22 FEBRUARY 1992, Page 15


A profile of Joe Haines, Robert Maxwell's unapologetic hagiographer

NOW THAT Robert Maxwell's huge life is to be filmed in glorious Technicolor (and, one trusts, Cinemascope), the search is on for an actor who can do justice to the part of Joe Haines, the tycoon's amanuensis and guard-dog. As it happens, Haines looks like someone from a movie — albeit a 1940s gangster film. He even speaks the lingo: his critics are usually dismissed as `wiseguys'. It is not an epithet that anyone would apply to Joseph Thomas William Haines.

In the early hours of 16 October 1987, almost all the trees in Joe Haines's garden — 30 or 40 of them — were demolished by the great hurricane. He was grief-stricken.

Haines was on sabbatical at the time, writing an official biography of his employ- er, Robert Maxwell, which was to be rushed out early in 1988 as a counterblast to Tom Bower's unauthorised study. Maxwell didn't want the hagiographer to wallow in gloom and miss his deadline. He despatched a team of gardeners from Headington Hill Hall to clear the wreck- age. Joe Haines cheered up, and the book was completed.

For a man who spent many years in the service of Harold Wilson and Robert Maxwell, two of the craftiest Machiavel- lians of modern times, Joe Haines can sometimes be remarkably unsuspicious. It never occurred to him, apparently, that Maxwell's motive in sending the gardeners might not be wholly altruistic. Two days after his boss's fatal tumble last November, he told the story of the hurricane in his Daily Mirror column as proof of the late tycoon's philanthropy. 'It was the kind of generosity Maxwell often showed,' he wrote. 'It is also why many of us in the Mirror building despise those who were seeking, within hours of his death, to smear him further ...They will get their comeuppance, one day.'

Ho, ho, ho. Not since Lord Dacre made a fool of himself over the Hitler diaries has there been such an exquisitely deserving

object of Schadenfreude. But is he con- trite? Not at all. In his twice-weekly col- umn he continues to belabour those who rebuke him for his association with Maxwell — particularly the Tory MP

Andrew Mackay, whose offence was to describe Haines as an executive director of Mirror Group Newspapers. 'A malicious and squalid falsehood,' Haines squeals, proposing that Mackay should be censured for abuse of parliamentary privilege. 'If he were not a coward, he would state his lies to me face to face and risk getting the treatment which the judge administered to the cabbie, though, given his lack of testic- ular fortitude, I doubt if I could inflict injury.'

The MP's error hardly seems to merit such wild indignation: Haines is in fact a non-executive member of the MGN board. If he believes that outside directors have no legal responsibilities whatsoever, he may soon be in for a shock. Besides, as one senior Mirror man observes: `Joe was in the building much of the time, even if he was non-executive. He was in a better position than most to keep an eye on Maxwell.' Nor can he pretend that he had no suspicions about his boss's light-fin- gered habits. On Thursday 12 July 1984, the day Reed International sold the Mirror, Haines warned a staff meeting that 'Robert Maxwell is a crook and a liar — and I can prove it'.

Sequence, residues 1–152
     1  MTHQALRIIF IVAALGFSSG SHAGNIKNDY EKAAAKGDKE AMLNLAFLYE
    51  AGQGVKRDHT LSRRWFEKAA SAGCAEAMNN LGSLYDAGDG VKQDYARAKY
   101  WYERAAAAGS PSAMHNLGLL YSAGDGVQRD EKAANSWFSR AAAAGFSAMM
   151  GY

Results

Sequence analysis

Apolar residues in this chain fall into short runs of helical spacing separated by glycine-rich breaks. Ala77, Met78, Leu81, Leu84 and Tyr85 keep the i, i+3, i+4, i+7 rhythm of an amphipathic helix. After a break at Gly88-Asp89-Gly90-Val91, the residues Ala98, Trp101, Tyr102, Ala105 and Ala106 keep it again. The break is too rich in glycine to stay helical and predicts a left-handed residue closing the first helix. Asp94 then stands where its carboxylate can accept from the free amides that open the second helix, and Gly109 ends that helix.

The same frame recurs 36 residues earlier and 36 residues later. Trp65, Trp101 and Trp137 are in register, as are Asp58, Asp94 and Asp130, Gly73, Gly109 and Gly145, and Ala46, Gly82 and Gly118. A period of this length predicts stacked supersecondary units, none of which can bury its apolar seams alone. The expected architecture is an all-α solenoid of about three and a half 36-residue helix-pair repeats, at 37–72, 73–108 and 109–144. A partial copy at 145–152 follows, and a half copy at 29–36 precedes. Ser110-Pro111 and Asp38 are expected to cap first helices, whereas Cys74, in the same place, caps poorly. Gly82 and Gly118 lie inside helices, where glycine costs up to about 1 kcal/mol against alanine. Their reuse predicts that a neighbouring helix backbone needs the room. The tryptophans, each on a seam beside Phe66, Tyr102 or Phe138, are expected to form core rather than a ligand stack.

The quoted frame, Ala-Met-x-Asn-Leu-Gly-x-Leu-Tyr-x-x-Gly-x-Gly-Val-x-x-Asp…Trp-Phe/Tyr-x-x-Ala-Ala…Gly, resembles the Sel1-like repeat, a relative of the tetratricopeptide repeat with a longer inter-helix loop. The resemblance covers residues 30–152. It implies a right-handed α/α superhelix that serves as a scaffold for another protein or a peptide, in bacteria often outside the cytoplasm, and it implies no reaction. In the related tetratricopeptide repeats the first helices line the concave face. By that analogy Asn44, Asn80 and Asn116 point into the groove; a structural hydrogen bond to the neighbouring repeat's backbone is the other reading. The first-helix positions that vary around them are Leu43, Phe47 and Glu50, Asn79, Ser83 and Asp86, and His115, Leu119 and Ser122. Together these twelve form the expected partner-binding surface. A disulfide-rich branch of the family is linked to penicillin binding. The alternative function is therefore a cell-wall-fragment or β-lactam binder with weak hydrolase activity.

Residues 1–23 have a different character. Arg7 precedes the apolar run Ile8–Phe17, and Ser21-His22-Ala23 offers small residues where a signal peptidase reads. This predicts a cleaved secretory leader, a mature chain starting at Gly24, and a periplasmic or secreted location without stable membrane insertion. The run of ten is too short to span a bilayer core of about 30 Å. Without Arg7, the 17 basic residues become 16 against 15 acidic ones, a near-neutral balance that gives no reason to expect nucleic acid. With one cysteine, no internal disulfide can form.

Four days after that pronouncement, Haines was summoned to the crook and liar's office on the ninth floor. He expected to be sacked. Maxwell, however, had con- ceived a crueller fate for the wretched lead- er-writer: he took him up into an exceeding high mountain and showed him all the kingdoms of the world, and the glory of them, and he said unto him, 'All these will I give thee, if thou wilt fall down and wor- ship me.' Specifically, Maxwell had been tipped off that Joe coveted the job of Ter- ence Lancaster, the paper's political editor. `One of the reasons I'm glad I took over the Mirror is that I want to work with you,' the new proprietor told him, all smiles. `Will you be my political editor?'

Instead of crying, 'Begone, • Satan!' Haines said, 'Yes please.' He left the room with his ambition fulfilled and his soul sold. `He was completely changed,' a colleague recalls. 'He always used to be his own man, but now he devoted himself to the fat man.' His new duties included ghost-writing Maxwell's animadversions on public affairs (which appeared under the pseudonym `Charles Wilberforce') and, unusually for a political editor, negotiating with the jour- nalists on behalf of management. He joined the board of the Daily Record, the Mirror's Scottish sister paper. 'Saw you on television, Joe,' his old rival Terry Lancast- er remarked one day. `Ah,' said Haines proudly, 'on Question Time?' No,' Lancast- er replied, 'the Nine O'Clock News. You were carrying Maxwell's bags at Glasgow airport.'